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Evaluating Health Risks

By Edited Mar 8, 2016 0 0

One way to think about making a decision is in terms of its risk factors.  A risk factor is any action or condition that increases the likelihood of injury, disease, or any other negative outcome.  There are three ways you can usually identify and evaluate a risk factor.  You need to consider both short and long term consequences of your decision.  You must also decide whether you can control the risk factor of your chosen path.  Finally, make sure to analyze the possible benefits and risks of a decision you have chosen.

Short- and Long-term Consequences:  Some unthoughtful behaviors can have an immediate and visible effect on your health.  You can take a shortcut through an unfamiliar yard within your neighborhood and end up with a nasty rash because of the poison ivy growing in their yard. You can decide to not put on a seat-belt and get severely injured in a car accident on the freeway.

However, there are some risky behaviors you make take and the results of your mistakes will not be instantly visible to neither you nor your doctors and physicians.  Suppose you eat Mc'Donalds all the time;a mainly fast-food diet, which is extremely high in fats, sugar, and salt.  People may tell you that your chosen diet increases your risk of getting heart disease and diabetes later in your life.  But you still think that you are very healthy as you are right now.   Why not wait until you become a little older to change your behavior?  First of all, it can be extremely difficult to change these habits that have existed side by side with your personality for years, and even if you do change your eating habits later in life, you may not be able to repair the damage the fast food ingredients have done to you body.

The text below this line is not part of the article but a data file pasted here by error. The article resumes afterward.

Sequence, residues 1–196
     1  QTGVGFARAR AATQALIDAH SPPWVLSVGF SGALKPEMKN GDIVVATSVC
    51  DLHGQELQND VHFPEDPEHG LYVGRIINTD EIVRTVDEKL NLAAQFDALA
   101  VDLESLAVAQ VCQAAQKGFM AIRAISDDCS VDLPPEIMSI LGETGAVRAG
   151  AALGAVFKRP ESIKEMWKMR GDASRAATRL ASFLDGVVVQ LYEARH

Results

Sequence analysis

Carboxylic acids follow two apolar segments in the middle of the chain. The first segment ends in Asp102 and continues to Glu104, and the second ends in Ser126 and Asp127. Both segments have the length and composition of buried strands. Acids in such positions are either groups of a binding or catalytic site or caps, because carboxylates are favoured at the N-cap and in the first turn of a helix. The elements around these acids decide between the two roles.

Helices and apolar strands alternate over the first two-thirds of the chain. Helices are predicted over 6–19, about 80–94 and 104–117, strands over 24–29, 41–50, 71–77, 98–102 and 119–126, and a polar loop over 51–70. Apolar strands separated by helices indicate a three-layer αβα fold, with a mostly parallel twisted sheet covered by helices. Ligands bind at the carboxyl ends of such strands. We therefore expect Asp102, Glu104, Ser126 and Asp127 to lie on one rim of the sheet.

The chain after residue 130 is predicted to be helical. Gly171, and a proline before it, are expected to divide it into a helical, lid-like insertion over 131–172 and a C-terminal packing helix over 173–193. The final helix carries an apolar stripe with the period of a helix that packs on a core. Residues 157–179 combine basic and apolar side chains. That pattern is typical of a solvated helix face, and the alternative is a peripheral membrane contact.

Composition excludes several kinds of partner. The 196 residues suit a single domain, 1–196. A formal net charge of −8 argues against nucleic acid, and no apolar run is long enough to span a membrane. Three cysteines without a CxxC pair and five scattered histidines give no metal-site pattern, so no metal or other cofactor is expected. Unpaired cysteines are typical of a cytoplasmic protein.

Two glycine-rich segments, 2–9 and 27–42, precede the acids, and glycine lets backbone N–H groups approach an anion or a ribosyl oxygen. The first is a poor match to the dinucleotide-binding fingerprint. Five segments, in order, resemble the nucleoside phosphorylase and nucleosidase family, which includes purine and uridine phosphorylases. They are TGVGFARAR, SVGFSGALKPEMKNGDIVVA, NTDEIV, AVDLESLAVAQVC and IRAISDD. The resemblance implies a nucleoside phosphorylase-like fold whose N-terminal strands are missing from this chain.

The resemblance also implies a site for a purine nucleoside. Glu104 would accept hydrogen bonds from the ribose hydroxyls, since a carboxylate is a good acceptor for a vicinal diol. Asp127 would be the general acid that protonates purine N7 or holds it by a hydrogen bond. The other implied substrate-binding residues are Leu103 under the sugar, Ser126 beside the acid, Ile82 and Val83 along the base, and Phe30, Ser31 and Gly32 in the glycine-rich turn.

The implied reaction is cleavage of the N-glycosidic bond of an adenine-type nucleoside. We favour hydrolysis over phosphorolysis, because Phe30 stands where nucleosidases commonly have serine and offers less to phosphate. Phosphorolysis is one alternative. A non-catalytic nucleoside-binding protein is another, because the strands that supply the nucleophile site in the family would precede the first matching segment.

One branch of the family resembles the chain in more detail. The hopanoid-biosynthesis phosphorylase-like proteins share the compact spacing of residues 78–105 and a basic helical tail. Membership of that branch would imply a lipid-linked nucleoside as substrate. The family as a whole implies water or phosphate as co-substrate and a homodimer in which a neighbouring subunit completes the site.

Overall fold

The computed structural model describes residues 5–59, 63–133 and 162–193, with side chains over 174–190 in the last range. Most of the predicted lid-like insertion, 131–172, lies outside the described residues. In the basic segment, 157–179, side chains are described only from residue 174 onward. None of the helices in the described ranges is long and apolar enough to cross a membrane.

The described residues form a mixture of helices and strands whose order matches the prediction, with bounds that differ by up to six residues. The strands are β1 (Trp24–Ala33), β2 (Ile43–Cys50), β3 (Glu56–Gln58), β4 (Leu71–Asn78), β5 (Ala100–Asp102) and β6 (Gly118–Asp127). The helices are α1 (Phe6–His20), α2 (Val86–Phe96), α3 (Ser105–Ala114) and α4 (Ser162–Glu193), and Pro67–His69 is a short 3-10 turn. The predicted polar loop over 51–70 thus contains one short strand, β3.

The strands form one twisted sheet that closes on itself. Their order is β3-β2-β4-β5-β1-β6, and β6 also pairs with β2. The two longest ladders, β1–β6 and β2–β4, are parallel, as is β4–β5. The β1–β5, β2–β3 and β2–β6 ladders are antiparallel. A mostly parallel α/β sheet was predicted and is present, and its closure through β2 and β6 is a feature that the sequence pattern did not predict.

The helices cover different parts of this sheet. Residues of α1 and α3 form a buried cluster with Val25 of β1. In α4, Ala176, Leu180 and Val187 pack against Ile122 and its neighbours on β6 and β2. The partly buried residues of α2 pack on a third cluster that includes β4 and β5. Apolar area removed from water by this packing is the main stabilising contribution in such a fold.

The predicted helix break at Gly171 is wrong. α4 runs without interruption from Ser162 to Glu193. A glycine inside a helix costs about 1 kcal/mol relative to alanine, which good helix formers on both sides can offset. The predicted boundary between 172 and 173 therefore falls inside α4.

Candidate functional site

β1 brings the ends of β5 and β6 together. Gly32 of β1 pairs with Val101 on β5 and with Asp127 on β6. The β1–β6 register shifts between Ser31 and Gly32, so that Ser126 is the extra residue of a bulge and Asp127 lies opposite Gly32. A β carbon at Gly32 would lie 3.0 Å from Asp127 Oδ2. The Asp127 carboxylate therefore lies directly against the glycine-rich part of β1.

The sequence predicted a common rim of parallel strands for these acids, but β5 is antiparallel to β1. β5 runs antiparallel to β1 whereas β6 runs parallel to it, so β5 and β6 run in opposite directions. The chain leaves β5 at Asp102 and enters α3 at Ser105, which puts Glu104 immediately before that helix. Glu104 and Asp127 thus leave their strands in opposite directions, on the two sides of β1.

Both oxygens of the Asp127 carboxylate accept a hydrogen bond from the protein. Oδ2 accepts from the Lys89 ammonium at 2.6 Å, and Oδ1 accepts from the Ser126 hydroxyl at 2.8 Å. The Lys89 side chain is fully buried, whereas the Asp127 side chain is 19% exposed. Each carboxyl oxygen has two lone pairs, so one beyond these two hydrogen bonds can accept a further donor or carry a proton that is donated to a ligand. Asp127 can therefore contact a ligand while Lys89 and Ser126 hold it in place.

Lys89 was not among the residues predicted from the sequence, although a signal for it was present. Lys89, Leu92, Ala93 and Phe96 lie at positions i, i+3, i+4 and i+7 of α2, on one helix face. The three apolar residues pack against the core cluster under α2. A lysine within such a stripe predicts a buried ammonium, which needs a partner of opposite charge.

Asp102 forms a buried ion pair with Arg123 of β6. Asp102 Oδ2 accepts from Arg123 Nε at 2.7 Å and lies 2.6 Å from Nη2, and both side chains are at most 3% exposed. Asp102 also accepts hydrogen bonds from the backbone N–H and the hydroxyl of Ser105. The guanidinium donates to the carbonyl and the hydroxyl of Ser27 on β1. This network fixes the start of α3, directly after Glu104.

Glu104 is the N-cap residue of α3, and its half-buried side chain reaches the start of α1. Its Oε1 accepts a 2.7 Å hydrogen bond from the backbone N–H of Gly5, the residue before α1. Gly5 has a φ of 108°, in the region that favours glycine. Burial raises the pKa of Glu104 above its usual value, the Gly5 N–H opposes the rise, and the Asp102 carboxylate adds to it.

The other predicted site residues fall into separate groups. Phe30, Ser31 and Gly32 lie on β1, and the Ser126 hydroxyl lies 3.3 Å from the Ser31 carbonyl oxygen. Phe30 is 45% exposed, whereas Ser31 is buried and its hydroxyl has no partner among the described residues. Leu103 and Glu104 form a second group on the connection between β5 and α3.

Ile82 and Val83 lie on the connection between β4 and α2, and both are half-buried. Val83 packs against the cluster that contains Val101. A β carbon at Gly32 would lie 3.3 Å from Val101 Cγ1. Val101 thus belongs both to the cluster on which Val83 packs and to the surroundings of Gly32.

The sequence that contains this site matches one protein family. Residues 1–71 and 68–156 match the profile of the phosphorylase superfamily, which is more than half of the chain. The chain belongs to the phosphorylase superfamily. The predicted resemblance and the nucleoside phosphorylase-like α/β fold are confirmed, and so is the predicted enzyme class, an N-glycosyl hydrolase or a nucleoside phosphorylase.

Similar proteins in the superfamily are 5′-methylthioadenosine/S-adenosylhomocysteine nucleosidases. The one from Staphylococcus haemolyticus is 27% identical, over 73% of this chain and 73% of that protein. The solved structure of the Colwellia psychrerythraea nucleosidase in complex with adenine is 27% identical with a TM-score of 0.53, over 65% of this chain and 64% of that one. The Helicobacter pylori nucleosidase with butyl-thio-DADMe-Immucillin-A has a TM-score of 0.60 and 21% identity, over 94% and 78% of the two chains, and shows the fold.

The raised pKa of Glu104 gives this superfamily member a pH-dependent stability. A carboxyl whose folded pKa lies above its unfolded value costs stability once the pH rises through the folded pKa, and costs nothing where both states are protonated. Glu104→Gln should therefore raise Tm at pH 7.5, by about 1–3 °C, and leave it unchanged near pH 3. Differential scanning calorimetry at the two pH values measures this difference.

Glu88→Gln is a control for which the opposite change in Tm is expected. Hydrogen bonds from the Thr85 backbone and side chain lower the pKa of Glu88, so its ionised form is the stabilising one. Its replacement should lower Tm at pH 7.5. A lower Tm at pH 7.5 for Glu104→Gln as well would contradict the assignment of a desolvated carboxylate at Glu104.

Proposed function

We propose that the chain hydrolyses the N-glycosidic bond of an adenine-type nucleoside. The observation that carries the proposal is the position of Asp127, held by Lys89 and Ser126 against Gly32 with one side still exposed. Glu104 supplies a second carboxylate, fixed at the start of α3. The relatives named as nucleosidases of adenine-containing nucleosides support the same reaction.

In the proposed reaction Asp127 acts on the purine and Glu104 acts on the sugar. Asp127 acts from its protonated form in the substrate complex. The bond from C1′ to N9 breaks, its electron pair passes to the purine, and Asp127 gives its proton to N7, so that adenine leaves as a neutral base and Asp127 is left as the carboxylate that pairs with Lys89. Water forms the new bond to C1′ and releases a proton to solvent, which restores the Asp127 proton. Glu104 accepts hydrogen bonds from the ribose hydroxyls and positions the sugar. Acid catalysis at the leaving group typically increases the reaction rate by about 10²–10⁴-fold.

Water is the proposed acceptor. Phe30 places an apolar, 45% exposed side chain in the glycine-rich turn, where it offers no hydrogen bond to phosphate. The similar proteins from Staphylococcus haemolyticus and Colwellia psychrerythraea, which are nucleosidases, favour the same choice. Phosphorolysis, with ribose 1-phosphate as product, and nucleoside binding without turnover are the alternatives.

Risk Factors You Cannot Control:  A friend decides to invite you and your buddies to the beach.  You are worried because you have fair skin and will most likely get a sunburn or worse.  You can't control the color of your skin; you can't change it in an instant like a chameleon,  or the other risk factors that are part of your heredity and your current environment.  Nor do you have the ability to control all the risk factors within your environment which is currently the beach. However, you do have the power to put on sunscreen.

Risk Factors You Can Control:  So what risk factors can you actually control?  You can control risk factors that are connected or related with your own personal behavior.  For example, you can control your exposure to ultraviolet radiation in sunlight and tanning booths by buying a spray tan, which will reduce your risk of developing skin cancer because of the UV rays.  Or you can maintain close relationships with many other people such as friends and family members.  In this case, if one of your relationships are forced to end and you are down, you will still get a lot of support from your other friends you have kept in contact with.  The following are other examples on risk factors you can control in your life.

  • Your level of physical activity
  • Your intake of fat, sugar, or salt
  • Your use of tobacco, alcohol, and other drugs
  • Your use of protective gear, such as seat belts
  • Your choice of friends

However, you may be able to control some of the risk factors present in your environment.  For example, you can join others in your community to find answers and solutions for problems such as air pollution or lack of open spaces within your city or county.

Analyzing Benefits and Risks:  If there was such a thing as a risk-free life, no one would die.  Therefore, there are always risks that are ever present in our lives.  Without being willing to take some risks by trying out new things, it would literally be impossible to grow intellectually and you would never learn anything.  So how can you make an accurate decision on which risks are worth taking?  You need to weigh the risks of an action against the possible benefits until you think the possible benefits potentially outweight the risks.

 

 

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